Monday, September 12, 2011

Bonhoeffer Pastor, Martyr, Prophet, Spy: A Righteous Gentile Vs. the Third Reich by Eric Metaxas

Bonhoeffer Pastor, Martyr, Prophet, Spy: A Righteous Gentile Vs. the Third Reich by Eric Metaxas surveys the life of 20th century German theologian Dietrich Bonhoeffer.  Born in 1906, Bonhoeffer was raised in a family of German intellectuals where success was assumed.  Dietrich chose the nonintellectual pursuit of theological study, and flourished bringing his family’s tendency for scientific discovery combined with a sincere belief in the God of the Bible.   Bonhoeffer became one of the leading voices of the German Confessing Church in the 1930s challenging the state authorized and often anti-God church of the Third Reich.  Bonhoeffer’s resistance eventually led to his participation in a conspiracy to assassinate Adolph Hitler leading to the failed Stauffenberg plot of July 1944.  In the aftermath of this attempt of the Fuhrer’s life, Bonhoeffer and other conspirators were arrested with Bonhoeffer executed by Hitler’s spiteful orders in the last days of the war in April 1945.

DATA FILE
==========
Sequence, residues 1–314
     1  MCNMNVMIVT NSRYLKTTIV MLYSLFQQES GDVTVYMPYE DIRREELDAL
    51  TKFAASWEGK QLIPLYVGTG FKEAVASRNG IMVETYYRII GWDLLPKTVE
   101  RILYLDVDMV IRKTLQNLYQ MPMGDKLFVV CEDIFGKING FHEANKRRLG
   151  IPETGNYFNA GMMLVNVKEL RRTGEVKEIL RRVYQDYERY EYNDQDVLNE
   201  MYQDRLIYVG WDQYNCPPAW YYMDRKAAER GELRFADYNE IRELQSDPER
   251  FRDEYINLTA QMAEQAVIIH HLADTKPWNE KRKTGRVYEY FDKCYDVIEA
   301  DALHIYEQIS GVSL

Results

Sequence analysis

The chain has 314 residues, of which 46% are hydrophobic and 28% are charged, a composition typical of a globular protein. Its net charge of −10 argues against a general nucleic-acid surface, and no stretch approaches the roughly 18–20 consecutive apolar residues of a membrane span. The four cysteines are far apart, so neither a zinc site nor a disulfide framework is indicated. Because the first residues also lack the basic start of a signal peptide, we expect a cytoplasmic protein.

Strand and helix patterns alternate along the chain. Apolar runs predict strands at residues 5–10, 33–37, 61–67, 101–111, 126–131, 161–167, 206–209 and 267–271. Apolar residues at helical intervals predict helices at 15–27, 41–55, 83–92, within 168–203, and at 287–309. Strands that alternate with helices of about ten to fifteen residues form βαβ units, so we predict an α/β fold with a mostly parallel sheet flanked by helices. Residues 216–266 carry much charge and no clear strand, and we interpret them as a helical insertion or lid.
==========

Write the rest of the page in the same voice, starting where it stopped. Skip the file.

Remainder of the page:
Bonhoeffer Pastor, Martyr, Prophet, Spy is an excellent book.  Metaxas has written a comprehensive book of a complex character a man who was an academic, teacher, son, brother, friend, pastor and a man who lived his faith.  Throughout the book Metaxas shows how Bonhoeffer’s decisions were guided by his faith, a faith that he believed should be lived out in his daily life.  This did not mean that Bonhoeffer lead the life of a secluded monk, instead his life was full of friends, sport, parties, books and music.  Instead of separating himself from “real” life, Bonhoeffer dived into it inviting God into those activities.  Additionally, it was this faith that guided him to stand for the oppressed, especially the Jewish community, within Hitler’s Germany.  From discussions on theology to the biography of a fascinating character who stood against Third Reich in an active way this book offers the reader much to think about and tension for Bonhoeffer’s fate despite knowing his eventual end as a Martyr.     
Review Copy Provided by Thomas Nelson

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